Thank Mom for Home

I got into forced migration because of my mother. Her commitment (obsession, almost, along with my dad) to giving me a stable home growing up caused me to feel deeply for people who do not have homes and are forced to wander. A lot of people I’ve met who work with refugees and trafficking victims … Continue reading

The Way of Generous Love

by Gerard Stolk I got up early for the Royal Wedding this morning. There were a ton of living room lights shining in our building, so I wasn’t alone with my high tea and shortbread. Michael eventually joined me, and we watched the BBC broadcast of the event, which was impressively produced (and, as an … Continue reading

Memorializing the Marginalized

Ernst Barlach’s “Schlafende Vagabunden” (Sleeping Drifters) 1912 Yesterday I heard about two homeless men who were killed in Baltimore this past week. A man had tried to rob them, they didn’t have anything, and so then he killed them. It reminded me of a memorial service that is held in Atlanta every year for the … Continue reading

Not a Touchdown Yet

It was really awesome to see how much press human trafficking got before the Super Bowl. It felt like everywhere I turned, from Facebook to local news, people were banding together and joining the cause. I know a number of folks down in Texas added the National Human Trafficking Hotline to their phones, and groups … Continue reading

Let the Little Sparrows Die

It is freezing in DC right now, and I spent the afternoon yesterday watching rain turn to snow from the cafe where I was working. Rain, then sleet actually, then slush, then snow. I was finishing the outline for one last final go at the screenplay I’m adapting from Hungarian playwright Andras Visky’s Juliet. It … Continue reading

Law or Roof?

Polling lines and roofs, Iraq 2005 – public domain When asked about their greatest needs, internally displaced people (IDP) in Iraq list legal help above shelter, sanitation and education. Why? Why request a lawyer before a roof? In general, access to work, food, and shelter have been the most pressing concerns for Iraqi IDP’s since … Continue reading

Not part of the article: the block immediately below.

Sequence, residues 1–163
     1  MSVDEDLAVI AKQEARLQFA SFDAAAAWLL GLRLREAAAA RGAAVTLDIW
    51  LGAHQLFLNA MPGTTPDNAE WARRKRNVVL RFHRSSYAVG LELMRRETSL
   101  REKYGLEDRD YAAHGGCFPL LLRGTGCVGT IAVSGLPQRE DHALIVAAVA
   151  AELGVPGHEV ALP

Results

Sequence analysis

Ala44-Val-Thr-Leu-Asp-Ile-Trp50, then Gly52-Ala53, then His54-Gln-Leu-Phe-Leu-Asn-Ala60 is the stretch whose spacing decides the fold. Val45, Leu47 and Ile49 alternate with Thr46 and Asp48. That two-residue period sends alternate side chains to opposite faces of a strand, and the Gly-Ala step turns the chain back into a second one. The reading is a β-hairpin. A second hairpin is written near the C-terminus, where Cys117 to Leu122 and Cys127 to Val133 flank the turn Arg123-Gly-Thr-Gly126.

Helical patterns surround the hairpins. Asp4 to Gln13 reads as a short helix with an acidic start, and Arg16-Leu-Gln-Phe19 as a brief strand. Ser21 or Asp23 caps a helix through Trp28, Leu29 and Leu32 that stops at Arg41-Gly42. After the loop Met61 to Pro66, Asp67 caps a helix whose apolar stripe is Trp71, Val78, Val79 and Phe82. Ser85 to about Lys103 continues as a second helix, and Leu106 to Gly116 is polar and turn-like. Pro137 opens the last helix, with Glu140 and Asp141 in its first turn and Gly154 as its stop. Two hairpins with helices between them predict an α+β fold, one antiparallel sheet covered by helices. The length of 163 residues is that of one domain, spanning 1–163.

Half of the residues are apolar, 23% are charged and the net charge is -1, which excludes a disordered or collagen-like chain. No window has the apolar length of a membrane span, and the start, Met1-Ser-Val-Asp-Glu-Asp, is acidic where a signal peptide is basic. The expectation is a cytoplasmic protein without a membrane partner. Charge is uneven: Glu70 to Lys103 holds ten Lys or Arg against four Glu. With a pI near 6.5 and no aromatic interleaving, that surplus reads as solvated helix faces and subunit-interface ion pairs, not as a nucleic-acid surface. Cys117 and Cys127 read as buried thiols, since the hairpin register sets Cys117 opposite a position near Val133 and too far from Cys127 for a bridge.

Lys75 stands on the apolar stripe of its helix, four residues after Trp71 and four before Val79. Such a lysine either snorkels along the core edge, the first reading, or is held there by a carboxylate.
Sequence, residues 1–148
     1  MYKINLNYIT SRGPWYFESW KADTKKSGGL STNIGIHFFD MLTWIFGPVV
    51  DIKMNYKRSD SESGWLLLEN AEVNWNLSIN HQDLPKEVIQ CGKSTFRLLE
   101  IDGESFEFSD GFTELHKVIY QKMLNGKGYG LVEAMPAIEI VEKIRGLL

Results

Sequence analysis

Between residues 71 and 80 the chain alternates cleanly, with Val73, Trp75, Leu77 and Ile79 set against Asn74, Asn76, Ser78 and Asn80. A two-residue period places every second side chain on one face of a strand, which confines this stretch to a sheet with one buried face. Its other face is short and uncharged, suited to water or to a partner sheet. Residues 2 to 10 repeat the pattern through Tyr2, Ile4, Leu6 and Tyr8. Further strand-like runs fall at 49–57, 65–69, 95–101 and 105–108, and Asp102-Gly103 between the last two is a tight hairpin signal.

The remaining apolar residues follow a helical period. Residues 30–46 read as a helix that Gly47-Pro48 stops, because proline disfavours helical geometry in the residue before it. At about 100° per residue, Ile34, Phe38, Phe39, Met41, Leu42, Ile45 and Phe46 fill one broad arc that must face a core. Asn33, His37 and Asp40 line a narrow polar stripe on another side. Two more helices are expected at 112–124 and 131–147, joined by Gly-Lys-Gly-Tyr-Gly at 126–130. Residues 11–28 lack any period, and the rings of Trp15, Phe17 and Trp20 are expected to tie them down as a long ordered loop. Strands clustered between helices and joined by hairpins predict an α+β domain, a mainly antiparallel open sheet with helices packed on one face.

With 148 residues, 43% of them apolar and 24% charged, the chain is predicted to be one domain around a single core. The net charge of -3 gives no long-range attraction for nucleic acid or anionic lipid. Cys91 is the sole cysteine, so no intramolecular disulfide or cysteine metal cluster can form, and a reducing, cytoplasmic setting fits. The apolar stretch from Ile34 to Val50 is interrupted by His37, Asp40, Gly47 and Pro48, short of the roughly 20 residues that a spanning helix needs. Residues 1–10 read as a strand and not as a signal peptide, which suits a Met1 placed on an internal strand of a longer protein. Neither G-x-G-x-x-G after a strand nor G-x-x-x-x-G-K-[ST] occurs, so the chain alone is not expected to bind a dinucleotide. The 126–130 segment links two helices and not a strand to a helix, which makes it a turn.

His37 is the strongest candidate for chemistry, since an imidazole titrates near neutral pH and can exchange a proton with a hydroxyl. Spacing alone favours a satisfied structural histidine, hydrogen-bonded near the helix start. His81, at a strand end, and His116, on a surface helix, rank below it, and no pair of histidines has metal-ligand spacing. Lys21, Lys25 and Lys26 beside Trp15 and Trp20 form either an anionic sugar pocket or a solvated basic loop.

How Agricultural Slavery Works in the United States

Ansel Adams – Manzanar farm workers and Mt. Williamson, 1943 The continued existence of agricultural slavery might be hard to believe, but exist it does, and at a widespread levels across the globe. What might be even more surprising, especially to American consumers, is the prevalence of slavery on farms across the United States. CIW … Continue reading

Mental Disability and Migration

Recently a New York Times editorial spotlighted a growing problem in the US immigration system: the handling of illegal immigrants who are also mentally disabled. The issue is one that makes compassionate people on either side of the immigration debate fret. How does a nation offering a place for the tired, poor, and huddled deal … Continue reading

Life on the Road

Photo: Olav A. Saltbones/Norwegian Red Cross For the last six months, we have read every sad story imaginable about Haiti and its orphans and widows. We have been frustrated alongside relief workers who can’t get supplies into the hardest-hit places. We have felt the confusion of the government, which wants to rebuild but is paralyzed … Continue reading

4th of July and Weekend Resources

In honor of the 4th of July, I’ve included miss Lady Liberty above. Officially titled “Liberty Enlightening the World,” she is based on the Roman goddess Libertas. And like classical renderings of the goddess, her feet trample broken chains. Inside the exhibit on the second floor, you can find the beautiful sonnet “The New Colossus,” … Continue reading

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